Battles’ musical style is such that losing a member means losing all the songs he played on, which was shown at their show in the Melkweg not too long ago. No Atlas or Tonto were played, but it was still easily one of the best concerts of the year so far. The departure of Tyondai Braxton left some, including me, wondering what would become of the Battles sound. “Gloss Drop” provides the answer, and a surprising one. Some elements are still intact; John Stanier’s drumming is still some of the best in the alternative music scene. It takes about a minute in opener ‘Africastle’ but the pounding is relentless and tight, like it was on “Mirrored” but it does not dominate the album.
What has changed is the overall mood. “Mirrored” could be dark and brooding at times, “Gloss Drop” is at times almost upbeat. This is in part because of the high pitched keyboards, which Ian Williams has more space for now. It even has melodies! The drumming and beats are almost more towards hiphop where the funky beats have replaced the really weird solid beats on “Mirrored”.
Dave Konopko still provides the rumbling background sound with bass and lowtuned guitar.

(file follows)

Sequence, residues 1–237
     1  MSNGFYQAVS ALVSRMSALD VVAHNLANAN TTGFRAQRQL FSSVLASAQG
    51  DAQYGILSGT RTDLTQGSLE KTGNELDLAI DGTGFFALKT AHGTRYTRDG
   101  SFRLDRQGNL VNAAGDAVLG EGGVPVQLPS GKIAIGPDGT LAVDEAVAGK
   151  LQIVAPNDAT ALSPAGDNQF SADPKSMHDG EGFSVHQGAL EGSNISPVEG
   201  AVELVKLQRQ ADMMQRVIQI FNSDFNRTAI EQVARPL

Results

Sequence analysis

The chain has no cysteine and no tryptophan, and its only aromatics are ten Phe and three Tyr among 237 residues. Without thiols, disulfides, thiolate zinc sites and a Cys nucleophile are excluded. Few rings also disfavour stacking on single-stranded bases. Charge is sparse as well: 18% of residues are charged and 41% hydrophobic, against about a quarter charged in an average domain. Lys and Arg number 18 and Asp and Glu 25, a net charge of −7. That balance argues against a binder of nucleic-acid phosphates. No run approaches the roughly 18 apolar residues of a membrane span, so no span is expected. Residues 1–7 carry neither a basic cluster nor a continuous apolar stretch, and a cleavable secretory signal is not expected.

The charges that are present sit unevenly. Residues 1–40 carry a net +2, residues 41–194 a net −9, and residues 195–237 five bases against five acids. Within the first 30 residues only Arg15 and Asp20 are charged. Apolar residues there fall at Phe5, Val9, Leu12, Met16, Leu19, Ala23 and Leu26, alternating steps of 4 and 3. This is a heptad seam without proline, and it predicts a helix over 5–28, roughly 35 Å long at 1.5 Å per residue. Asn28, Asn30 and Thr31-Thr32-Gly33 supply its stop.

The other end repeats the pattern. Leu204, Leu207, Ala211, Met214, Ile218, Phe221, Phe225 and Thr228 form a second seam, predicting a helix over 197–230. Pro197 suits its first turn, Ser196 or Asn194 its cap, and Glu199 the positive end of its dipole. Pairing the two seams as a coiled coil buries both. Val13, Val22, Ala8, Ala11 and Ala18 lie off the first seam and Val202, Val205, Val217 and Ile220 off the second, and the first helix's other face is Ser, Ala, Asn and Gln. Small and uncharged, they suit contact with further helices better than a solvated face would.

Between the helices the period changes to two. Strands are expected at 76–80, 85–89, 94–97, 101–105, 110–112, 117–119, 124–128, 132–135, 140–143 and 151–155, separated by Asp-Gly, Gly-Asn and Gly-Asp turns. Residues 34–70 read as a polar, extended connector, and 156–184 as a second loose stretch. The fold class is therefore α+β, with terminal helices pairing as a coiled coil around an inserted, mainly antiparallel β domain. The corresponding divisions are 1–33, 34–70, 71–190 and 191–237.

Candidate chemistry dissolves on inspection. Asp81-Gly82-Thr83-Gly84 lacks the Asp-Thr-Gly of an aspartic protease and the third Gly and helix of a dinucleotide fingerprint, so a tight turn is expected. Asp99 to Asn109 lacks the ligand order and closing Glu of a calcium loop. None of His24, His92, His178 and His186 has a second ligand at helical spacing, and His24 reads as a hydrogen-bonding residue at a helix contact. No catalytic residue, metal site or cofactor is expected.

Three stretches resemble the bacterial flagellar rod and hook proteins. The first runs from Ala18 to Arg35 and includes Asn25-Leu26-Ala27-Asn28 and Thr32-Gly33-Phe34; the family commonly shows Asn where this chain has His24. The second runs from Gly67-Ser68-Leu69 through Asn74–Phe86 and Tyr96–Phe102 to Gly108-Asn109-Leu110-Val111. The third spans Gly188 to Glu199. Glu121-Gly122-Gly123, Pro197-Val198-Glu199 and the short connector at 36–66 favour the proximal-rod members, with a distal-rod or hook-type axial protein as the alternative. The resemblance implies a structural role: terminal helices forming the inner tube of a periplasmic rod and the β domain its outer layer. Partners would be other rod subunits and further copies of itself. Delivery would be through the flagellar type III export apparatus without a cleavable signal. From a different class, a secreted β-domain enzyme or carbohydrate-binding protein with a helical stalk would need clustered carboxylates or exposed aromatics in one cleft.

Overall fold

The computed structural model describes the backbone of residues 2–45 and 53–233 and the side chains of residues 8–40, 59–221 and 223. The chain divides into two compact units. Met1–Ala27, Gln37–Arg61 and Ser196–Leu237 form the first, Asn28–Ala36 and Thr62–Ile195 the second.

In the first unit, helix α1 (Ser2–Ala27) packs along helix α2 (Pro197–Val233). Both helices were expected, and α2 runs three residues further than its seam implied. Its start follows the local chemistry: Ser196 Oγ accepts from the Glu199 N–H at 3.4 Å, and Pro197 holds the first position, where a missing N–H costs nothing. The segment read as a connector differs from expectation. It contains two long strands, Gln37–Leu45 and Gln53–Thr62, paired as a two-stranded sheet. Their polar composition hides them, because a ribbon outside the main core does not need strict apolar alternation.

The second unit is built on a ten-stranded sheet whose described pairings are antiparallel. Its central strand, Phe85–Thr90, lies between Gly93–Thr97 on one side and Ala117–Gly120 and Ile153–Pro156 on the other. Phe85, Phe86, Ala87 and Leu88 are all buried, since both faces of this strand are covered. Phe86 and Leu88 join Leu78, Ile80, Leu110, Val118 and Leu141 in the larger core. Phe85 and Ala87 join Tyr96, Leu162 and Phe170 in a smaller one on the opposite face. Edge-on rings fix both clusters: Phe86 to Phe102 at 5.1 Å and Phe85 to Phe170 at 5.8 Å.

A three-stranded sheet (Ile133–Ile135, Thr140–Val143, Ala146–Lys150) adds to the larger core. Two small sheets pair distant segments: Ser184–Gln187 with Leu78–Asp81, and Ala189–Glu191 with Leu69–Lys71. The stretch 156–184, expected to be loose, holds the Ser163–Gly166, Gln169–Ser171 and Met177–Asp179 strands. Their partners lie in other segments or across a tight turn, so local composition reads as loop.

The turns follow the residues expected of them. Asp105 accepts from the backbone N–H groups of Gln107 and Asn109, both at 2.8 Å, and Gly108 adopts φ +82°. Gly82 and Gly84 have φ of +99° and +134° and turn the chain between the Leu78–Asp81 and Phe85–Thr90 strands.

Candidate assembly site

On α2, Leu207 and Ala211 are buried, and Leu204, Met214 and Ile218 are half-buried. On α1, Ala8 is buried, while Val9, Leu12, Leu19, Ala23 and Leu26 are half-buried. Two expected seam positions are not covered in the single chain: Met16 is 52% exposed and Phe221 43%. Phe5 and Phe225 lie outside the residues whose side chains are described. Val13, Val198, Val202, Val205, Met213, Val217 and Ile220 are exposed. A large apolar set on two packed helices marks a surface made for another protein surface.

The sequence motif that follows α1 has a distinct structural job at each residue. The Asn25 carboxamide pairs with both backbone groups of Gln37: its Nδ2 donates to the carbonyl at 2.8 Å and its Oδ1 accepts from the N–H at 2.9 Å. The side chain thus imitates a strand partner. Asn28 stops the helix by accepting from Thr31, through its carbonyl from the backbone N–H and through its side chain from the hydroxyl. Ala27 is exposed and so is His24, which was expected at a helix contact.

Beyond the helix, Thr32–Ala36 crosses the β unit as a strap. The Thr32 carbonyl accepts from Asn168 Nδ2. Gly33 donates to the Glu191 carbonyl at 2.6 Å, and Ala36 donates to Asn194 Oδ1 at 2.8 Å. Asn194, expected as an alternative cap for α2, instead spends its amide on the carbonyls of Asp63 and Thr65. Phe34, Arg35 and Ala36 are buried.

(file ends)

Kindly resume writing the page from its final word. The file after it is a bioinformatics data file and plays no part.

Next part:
Braxton was the singer but has been replaced with a score of guest vocalists. How do they do this live you ask? Well, two screens show images of the singer singing the vocals, and this can be manipulated. The brilliant ‘Ice Cream’ vocals are provided by Chilean/German Matias Aguayo, and even Gary Numan shows up in the drum-heavy ‘My Machines’.
It is unfair to compare “Mirrored” with “Gloss Drop”. The moods of the album are different, mostly because of the changing musical dynamics. “Gloss Drop” is stronger overall. While lacking some of the top tracks like the monumental Atlas (maybe the best piece of alternative music recorded in the first decade of this century) it is easier to access and a more pleasant listening experience. One thing is still certain, Battles is still as unique as ever and is as 21st century as music can get.